Interestingly, the draft mentions the manufacture of at least three batches as traditional approach. But now it is indicated expressly that the number of batches to be manufactured should be based on risk assessment. Examples for points to be taken into consideration are variability of materials, product history, where the product is being transferred from. The stage at which the product is considered to be validated and the basis on which that decision was made should be defined. This includes a justification for the number of batches used based on the complexity and expected variability of the process.
It is remarkable how much in detail (16 points) the contents of a validation protocol are addressed. Fortunately, no timetable is required in the validation protocol. A validation report should reflect the validation protocol. It is also welcome that a dual validation protocol report can be used if they are designed to ensure clarity and if sufficient space for recording of results is available. And, naturally, deviations should be clearly addressed and examined.
A risk assessment should be performed for the change in batch size from scale up to commercial batch size.
It is explicitly mentioned that the process should be verified on commercial-scale batches prior to marketing of the product. Results of relevant quality attributes, for example of incoming materials or IPC material, should be collected. Extensive in-line and/or online and/or at-line controls should be used to monitor process performance and product quality in a timely manner. Process analytical technology applications (PAT) and multivariate statistical process control (MSPC) can also be used. It is enigmatic why parts of this chapter are highlighted in yellow.
Continued process verification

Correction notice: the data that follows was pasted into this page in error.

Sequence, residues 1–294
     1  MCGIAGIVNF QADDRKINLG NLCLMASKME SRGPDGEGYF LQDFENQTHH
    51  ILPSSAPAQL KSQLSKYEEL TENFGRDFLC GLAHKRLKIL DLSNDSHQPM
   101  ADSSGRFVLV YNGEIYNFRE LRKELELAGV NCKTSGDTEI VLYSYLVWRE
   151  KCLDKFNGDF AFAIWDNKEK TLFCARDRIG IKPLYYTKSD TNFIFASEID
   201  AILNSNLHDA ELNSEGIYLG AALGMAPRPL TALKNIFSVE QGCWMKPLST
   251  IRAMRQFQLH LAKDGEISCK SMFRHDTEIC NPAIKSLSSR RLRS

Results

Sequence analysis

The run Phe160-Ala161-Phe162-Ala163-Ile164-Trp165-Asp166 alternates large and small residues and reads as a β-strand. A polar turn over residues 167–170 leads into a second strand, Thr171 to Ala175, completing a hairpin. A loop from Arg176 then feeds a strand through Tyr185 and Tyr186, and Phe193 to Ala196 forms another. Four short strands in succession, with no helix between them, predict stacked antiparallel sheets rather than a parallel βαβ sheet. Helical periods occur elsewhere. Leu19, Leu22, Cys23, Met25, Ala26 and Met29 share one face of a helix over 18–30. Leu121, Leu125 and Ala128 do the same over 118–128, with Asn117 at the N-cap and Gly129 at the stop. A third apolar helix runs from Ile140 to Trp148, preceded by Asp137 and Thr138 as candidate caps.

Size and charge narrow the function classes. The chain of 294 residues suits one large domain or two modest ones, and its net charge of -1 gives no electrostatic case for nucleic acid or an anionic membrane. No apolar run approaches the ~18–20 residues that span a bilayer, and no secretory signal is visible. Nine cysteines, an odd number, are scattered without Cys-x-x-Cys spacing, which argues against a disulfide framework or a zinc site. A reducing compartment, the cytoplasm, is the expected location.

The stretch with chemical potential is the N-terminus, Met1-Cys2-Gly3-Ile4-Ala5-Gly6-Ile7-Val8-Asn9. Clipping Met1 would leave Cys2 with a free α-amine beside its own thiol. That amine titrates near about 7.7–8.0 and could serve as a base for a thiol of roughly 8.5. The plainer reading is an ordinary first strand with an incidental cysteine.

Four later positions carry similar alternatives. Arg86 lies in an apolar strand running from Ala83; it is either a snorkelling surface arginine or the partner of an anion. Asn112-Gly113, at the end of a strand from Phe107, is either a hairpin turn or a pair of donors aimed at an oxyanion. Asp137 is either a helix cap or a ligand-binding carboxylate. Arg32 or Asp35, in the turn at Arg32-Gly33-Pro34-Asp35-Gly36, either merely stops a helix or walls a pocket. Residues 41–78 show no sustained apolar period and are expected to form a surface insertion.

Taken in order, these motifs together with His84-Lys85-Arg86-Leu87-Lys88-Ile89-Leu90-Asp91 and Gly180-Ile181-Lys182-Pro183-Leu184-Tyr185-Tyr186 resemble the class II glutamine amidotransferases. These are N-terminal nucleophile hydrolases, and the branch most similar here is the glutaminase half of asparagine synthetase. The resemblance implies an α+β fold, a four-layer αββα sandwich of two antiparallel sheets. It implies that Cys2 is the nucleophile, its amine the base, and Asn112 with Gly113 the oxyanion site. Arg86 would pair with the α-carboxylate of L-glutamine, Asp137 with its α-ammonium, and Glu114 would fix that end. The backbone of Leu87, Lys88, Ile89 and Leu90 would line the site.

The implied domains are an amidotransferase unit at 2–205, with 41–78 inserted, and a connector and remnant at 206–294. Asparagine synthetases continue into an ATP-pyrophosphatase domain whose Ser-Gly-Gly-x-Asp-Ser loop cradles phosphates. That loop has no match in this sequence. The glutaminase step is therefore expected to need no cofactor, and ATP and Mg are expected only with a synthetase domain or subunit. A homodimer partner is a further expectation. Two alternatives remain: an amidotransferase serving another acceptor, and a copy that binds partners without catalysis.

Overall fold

The continued process verification aims at providing evidence that a state of control is maintained. According to the draft scope and extent of process verification will be influenced by a number of factors
Manufacturers should describe the appropriateness of the verification strategy in a protocol. Process parameters and material attributes that will be monitored as well as the validated analytical methods that will be employed should be listed.
The following should be defined:
Furthermore, any statistical models or tools used should be described. There is also a reference to continuous processing stating that the stage where the commercial process is considered to be validated should be defined clearly if continuous processing is employed.
The draft states that periods of enhanced sampling and monitoring may help to increase process understanding as part of continuous improvement. Process trends (such as the quality of incoming materials) should be assessed in order to verify the validity of the original process validation or to identify required changes to the control strategy.
The extent and frequency of continued process verification should be reviewed periodically and modified if appropriate.
The life-cycle of a product should be accompanied by an accompanying change management. This is valid also for existing systems or processes. Sufficient data should be generated to demonstrate that the changed process will result in a product of the desired quality, consistent with the approved specification.
Furthermore, the necessity of a thorough documentation and a regulatory approval, where appropriate (variation), is stated.
There can be found many "old friends" among the listed references:
The deadline for comments was strikingly short. It ended already at the end of April. The document containing the incorporated comments will be presented at the forty-ninth meeting of the WHO Expert Committee in October 2014. You can find the document in the ECA Website Members' Area.
The draft of the document is oriented strongly towards the FDA Guidance on Process Validation. The validation life-cycle for example is directly comparable with the life-cycle requested by the FDA. Hence, the qualification of apparatuses is part of the process qualification as is the case in the FDA Guidance. (Unfortunately) there are almost no indications as to the handling of legacy processes. Only one statement in the chapter Change management includes existing systems and processes. There is still mentioning of the traditional approach with 3 validation batches but the number of validation runs is to be defined on the basis of a risk assessment. Parts of the sometimes very detailed requirements concerning the content of the validation protocol and concerning changes which might trigger a revalidation are interesting. Some rudiments from the developing stage (such as comments) indicate that the review prior to the publication of the draft was not really optimal. The deadline for comments was surprisingly short.